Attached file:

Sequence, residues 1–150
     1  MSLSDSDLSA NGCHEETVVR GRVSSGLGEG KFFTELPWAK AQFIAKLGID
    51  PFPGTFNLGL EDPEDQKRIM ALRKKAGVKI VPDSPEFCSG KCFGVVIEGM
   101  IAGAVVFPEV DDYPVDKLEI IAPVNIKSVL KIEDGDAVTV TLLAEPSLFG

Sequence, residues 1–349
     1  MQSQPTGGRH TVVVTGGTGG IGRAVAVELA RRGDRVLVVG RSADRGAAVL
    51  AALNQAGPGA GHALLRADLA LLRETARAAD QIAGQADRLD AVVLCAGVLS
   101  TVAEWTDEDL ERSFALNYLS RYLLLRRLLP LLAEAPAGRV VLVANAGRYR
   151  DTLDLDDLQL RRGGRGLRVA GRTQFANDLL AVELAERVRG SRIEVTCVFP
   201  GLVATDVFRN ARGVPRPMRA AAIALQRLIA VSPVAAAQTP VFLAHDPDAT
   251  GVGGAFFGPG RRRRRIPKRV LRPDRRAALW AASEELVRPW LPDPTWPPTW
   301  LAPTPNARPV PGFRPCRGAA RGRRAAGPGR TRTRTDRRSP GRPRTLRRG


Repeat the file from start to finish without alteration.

Sequence, residues 1–150
     1  MSLSDSDLSA NGCHEETVVR GRVSSGLGEG KFFTELPWAK AQFIAKLGID
    51  PFPGTFNLGL EDPEDQKRIM ALRKKAGVKI VPDSPEFCSG KCFGVVIEGM
   101  IAGAVVFPEV DDYPVDKLEI IAPVNIKSVL KIEDGDAVTV TLLAEPSLFG

Sequence, residues 1–349
     1  MQSQPTGGRH TVVVTGGTGG IGRAVAVELA RRGDRVLVVG RSADRGAAVL
    51  AALNQAGPGA GHALLRADLA LLRETARAAD QIAGQADRLD AVVLCAGVLS
   101  TVAEWTDEDL ERSFALNYLS RYLLLRRLLP LLAEAPAGRV VLVANAGRYR
   151  DTLDLDDLQL RRGGRGLRVA GRTQFANDLL AVELAERVRG SRIEVTCVFP
   201  GLVATDVFRN ARGVPRPMRA AAIALQRLIA VSPVAAAQTP VFLAHDPDAT
   251  GVGGAFFGPG RRRRRIPKRV LRPDRRAALW AASEELVRPW LPDPTWPPTW
   301  LAPTPNARPV PGFRPCRGAA RGRRAAGPGR TRTRTDRRSP GRPRTLRRG